Sunday, May 1, 2011

The Seven Feasts: Part 2 - The Haggadah

The Seven Feasts: Part 2 - The Passover Haggadah
Pastor Bruce A. Shields
House of Faith Church | |

Leviticus 23:4-5 4 “‘These are the LORD’s appointed festivals, the sacred assemblies you are to proclaim at their appointed times: 5 The LORD’s Passover begins at twilight on the fourteenth day of the first month.”


We know from scripture about Jesus’ Jewish upbringing, and how He observed Moses’ Law faithfully and no sin could be laid to His account.  I Peter 2:22

We know from scripture that Jesus observed the Holy Days given by God.  The last supper was the feast of Passover, not just wine and bread.  However, the night Jesus went to the cross, He explained what the Passover represented.  He explained to the Disciples that night, what the feast that God had given to the Jews really meant.

He was the lamb, the first born of God to be sacrificed as payment for our sin, so that we could be reconciled with God in spite of our sin.  The unleavened bread they ate that night represented Jesus body, which was without sin, and was to be broken for you and I.  The wine represented His blood, which was to be shed for the remission of our sins.

Today we will look at a typical Haggadah, or Passover feast, and see the symbolic nature of the meal, and its relation to the Lord.

Colossians 2:16-17
16 Therefore do not let anyone judge you by what you eat or drink, or with regard to a religious festival, a New Moon celebration or a Sabbath day. 17 These are a shadow of the things that were to come; the reality, however, is found in Christ.

All of the feasts and celebrations, as well as the food laws and Sabbath, all related to Christ, and were foreshadowing of Him.  We no longer need to observe these things because Christ has come!

We do still observe a new celebration though, given to us by Christ Himself, the celebration of Communion. 
Following Jesus’ resurrection, the Apostles observed Communion on the first day of each week (Sunday), the day on which Christ arose. (John 20:1)

This is the reason we meet on Sundays to worship the Lord, because that is when the Apostles gathered, and shared communion, and the worship of God, as well as had the collection of tithes on Sunday.

What about all of the feasts, food laws and things of the Old Testament?

We no longer need to observe them, Christ has come and fulfilled the law, and salvation is ONLY found in Him!

This is why Jesus said at the Passover meal to the Disciples, “This cup is the new covenant in my blood; do this, whenever you drink it, in remembrance of me.”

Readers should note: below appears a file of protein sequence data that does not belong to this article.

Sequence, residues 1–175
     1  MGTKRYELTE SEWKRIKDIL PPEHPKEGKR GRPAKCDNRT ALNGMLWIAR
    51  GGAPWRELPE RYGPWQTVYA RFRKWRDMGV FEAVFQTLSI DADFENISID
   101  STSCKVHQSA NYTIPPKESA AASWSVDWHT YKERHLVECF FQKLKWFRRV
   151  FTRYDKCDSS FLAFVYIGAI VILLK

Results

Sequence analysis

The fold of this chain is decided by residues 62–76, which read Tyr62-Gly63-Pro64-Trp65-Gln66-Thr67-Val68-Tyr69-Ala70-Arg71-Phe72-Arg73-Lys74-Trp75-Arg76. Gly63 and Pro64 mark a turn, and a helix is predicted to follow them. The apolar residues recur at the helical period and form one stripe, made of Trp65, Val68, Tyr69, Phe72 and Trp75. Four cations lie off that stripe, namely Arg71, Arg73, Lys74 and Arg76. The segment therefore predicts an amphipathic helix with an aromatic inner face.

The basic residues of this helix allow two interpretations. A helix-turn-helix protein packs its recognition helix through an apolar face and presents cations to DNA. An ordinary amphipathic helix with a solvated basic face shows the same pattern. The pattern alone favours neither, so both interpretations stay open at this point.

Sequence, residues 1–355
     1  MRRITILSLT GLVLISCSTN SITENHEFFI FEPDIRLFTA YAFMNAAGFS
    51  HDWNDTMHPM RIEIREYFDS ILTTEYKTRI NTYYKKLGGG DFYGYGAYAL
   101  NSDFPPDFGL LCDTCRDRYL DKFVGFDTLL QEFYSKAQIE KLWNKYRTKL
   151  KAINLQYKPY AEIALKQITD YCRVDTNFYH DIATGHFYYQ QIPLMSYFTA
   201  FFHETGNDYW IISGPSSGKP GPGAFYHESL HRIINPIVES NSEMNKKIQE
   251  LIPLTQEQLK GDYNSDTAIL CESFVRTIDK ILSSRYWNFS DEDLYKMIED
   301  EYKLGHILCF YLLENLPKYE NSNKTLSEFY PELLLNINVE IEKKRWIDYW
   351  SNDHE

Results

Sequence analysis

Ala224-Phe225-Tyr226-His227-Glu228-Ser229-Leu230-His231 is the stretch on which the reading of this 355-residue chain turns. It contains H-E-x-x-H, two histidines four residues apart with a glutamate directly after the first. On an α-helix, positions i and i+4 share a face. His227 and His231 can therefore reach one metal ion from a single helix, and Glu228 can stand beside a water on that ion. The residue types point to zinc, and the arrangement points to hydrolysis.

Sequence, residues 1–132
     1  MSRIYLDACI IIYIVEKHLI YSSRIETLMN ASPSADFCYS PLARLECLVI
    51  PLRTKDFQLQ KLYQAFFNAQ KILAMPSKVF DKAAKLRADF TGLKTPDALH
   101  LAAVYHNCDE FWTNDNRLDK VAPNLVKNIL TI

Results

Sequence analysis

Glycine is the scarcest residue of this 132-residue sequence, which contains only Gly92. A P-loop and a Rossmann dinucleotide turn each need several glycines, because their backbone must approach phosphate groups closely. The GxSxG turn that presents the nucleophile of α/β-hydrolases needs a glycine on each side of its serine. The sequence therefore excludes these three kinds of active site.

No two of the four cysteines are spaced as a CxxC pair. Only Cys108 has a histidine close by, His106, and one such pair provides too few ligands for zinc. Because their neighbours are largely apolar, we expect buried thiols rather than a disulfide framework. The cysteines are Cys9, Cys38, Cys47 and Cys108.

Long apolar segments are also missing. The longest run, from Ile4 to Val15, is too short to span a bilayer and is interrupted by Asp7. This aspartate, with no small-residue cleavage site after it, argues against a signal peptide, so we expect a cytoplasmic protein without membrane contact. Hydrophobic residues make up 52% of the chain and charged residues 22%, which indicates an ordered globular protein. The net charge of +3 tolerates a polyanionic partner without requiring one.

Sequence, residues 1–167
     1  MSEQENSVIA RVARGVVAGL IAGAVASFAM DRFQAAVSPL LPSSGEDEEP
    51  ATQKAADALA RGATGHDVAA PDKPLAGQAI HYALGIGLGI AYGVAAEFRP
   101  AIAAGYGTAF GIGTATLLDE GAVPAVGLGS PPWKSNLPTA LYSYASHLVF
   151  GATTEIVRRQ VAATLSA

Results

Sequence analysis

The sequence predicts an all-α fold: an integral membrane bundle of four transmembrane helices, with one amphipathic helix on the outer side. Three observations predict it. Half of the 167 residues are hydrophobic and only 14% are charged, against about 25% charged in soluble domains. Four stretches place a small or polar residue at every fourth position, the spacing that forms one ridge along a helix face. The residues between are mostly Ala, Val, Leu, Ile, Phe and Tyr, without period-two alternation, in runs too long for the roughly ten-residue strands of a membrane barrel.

We have a NEW COVENANT in Christ...

So let us look at how a Haggadah relates to Christ.

Some definitions and explanations

Yarmulka or Kippah (Skull cap) - One of the most recognized piece of Jewish garb is actually the one of the least significance.  The little round cap they wear.

Pronounced yammica in Yiddish, the word means “skull cap”.

This cap took the place of the prayer shawl approximately 200 years ago.

Tallit (Prayer Shawl) - The Torah commanded that Jews wear one with tzitzit (fringes) at the corners of the garment.

Weddings were sometimes performed under a talit, which was held up by four poles, called a chupa.

We know that Jesus wore one, because He observed the laws and the Torah, but we see in scripture (Matthew 9:20) where a woman with an issue of blood touched the fringe of the tallit, which were also referred to as “wings”, and was healed.

This may be why Malachi said of the Messiah, “There is healing in His wings.” (Malachi 4:2)

Now that we have laid the background to the feast, we can begin with the Passover Seder.

1. Bedikath Chametz: Searching for the Leaven

Leaven represents sin.  Scripture teaches that just a little leaven (sin) can ruin the whole.  This search for leaven was a preparation for the feast of unleavened bread, which was to take place the day after Passover began.  No leaven was to be found in your house.

This command is found in Exodus 12:19, during the feast, there shall be no leaven found in your houses.

This search for leaven reminds us that we need to search ourselves, examining ourselves for sin. 

Traditionally, on the 13th day of Nissan, the head of each household makes a search for Chametz (leaven).

Do you see, the head of each household is to search the house for sin.  the responsibility of keeping a house pure and holy was given to Adam, and continues today. 

Traditionally, pieces were placed strategically to be sure that some was found.  And when it was found, they would recite a prayer.

“Blessed art thou, Eternal God, ruler of the universe, any leaven that may still be in the house, which I have not seen or have not removed, shall be as if it does not exist, and as the dust of the earth.”